A magical night at Steve’s Guitars | AspenTimes.com
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A magical night at Steve’s Guitars

Stewart Oksenhorn
Aspen Times Staff Writer

A few Friday nights ago, I made a visit to Steve’s Guitars in Carbondale. It was the 100th concert since husband-and-wife Steve Standiford and Mary Margaret O’Gara moved their operations into the cozy listening room on Fourth Street, but the first performance I have seen there. Local band Little Blue, joined by guitar superstar Jeff Pevar, played the centennial show in what Standiford swears was just a fortuitous coincidence.

The music was world-class that night, of a quality you dream about hearing in a room that size. But in the ranking of things that made an impression on me, the music came in third or fourth. The space itself, and the atmosphere Standiford and O’Gara have created at Steve’s Guitars, were as rare as the music.

Simply walking into Steve’s was an unforgettable experience. Showtime was half an hour away, but the place was packed with people and heavy with anticipation.



Concertgoers were whistling, yelling to friends across the room, getting psyched for the show. Though the room was crowded and busy, I had no worries about having brought my 4-year-old daughter: As is customary at Steve’s, this audience was there to listen, not party.

Steve’s wasn’t an instant success. When Standiford and O’Gara moved their guitar shop from the upstairs of the Dinkel Building to their current location a year-and-a-half ago, people weren’t exactly clamoring for a local listening room, one without a bar. “Every other week, we’d have a night where eight or 10 people would come in,” said Standiford.




But Standiford, who handles the music side of the business, was committed to offering live music every Friday night. He and his “advisors” – the corps of local musicians who wanted a place to play – believed that consistency would bring quality and crowds. “The musicians wanted not only a place to play, but they wanted there to be a place that, every Friday night, there would be live music in town,” said Standiford.

The musicians came quickly: “Once you make the decision to do it every Friday, you come up with two or three acts to fill that spot,” said Standiford, who has staged concerts by numerous local bands and a handful of touring acts. “There are a lot of people out there in the valley who want to play. There is no shortage of people wanting to step up to the plate and play our room.”

The crowds eventually followed. Big crowds are the norm on Friday nights, and even the barely known acts draw a decent following of Steve’s devotees. What they find is not only a gem of a listening experience – no bar noise, no talking over the music, no pickup efforts – but a rare community experience. Most everybody knows most everybody else; kids, even dogs, are common. The backstage is only nominally for the artists and employees; anyone, it seems, with a plausible reason finds their way backstage.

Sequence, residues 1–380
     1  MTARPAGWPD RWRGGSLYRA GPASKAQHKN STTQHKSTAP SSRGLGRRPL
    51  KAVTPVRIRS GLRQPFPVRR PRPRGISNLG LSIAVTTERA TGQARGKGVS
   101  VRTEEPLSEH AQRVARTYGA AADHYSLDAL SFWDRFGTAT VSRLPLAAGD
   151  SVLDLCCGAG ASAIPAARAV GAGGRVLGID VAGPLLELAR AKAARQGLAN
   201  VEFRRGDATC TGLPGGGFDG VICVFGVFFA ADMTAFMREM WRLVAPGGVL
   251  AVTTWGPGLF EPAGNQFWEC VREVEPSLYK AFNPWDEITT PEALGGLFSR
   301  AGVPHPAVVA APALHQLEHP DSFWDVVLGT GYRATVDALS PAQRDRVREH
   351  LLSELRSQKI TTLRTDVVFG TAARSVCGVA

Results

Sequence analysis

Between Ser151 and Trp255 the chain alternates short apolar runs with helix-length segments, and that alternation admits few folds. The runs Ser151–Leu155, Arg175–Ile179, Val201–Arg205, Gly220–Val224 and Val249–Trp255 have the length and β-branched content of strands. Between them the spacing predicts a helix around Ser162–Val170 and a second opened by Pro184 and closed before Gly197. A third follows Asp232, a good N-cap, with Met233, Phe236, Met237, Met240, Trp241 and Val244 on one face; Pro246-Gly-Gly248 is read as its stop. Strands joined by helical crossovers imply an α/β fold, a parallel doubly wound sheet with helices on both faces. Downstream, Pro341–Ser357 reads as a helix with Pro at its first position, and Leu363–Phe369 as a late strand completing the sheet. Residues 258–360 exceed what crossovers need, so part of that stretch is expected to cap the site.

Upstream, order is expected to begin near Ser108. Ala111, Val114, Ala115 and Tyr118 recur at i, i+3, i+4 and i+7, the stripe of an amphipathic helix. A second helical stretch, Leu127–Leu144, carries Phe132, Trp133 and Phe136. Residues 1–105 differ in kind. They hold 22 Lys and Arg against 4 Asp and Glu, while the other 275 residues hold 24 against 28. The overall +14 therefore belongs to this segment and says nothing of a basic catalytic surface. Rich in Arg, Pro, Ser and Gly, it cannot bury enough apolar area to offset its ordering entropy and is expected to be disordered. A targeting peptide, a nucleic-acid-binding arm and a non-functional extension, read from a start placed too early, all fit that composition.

“People come for the social aspect of it, which is different than most venues,” said Standiford. “And we have the back area, where you can have a whole different thing going on – and there usually is. That’s one thing I didn’t expect.”

My most lasting memory of my first Steve’s experience came in the back area, and it was far from expected. Halfway through the show, a young girl came floating through the backstage, twirling a flower in her fingers and a dreamy look on her face. This was Standiford and O’Gara’s 12-year-old daughter, Shannon, just returned from her first-ever date. Other indelible impressions from the night: the brownies that O’Gara passed around (as she does at most shows), the sofa that had been reserved for us in consideration of my daughter, the backstage appearance of a friend who I was sure was still on vacation in Florida.

With 105 concerts under his belt, Standiford remains tickled by what he sees each week. “What amazes me is the level of talent we’re getting – Jeff Pevar and Hickory Project – playing not for the money, but just the love of playing music in a small room where people are really listening,” he said. “When Little Blue finished, they were excited. They were in a circle and high-fiving each other like they had won a football game. There’s something special about that room.”

Things may just be getting started at Steve’s. The Southern California-born Standiford, a guitar junkie since the age of 10, when his parents scraped together enough to buy him a 1960 Stratocaster and amp, is about to retire from his job as director of the nonprofit Roaring Fork Energy Center, a position he has held since 1980. His next career will be devoted exclusively to Steve’s, where he plans to have the guitar shop doors open more regularly by day – and lots more concerts at night. And that is surely music to the ears of the Steve’s regulars.

“From the start, we said the goal was just to keep it open,” he said. “And we wanted it to be a place about music, and not about drinking and picking up women. And – knock on wood – that seems to be a chord that resonates with everyone.”


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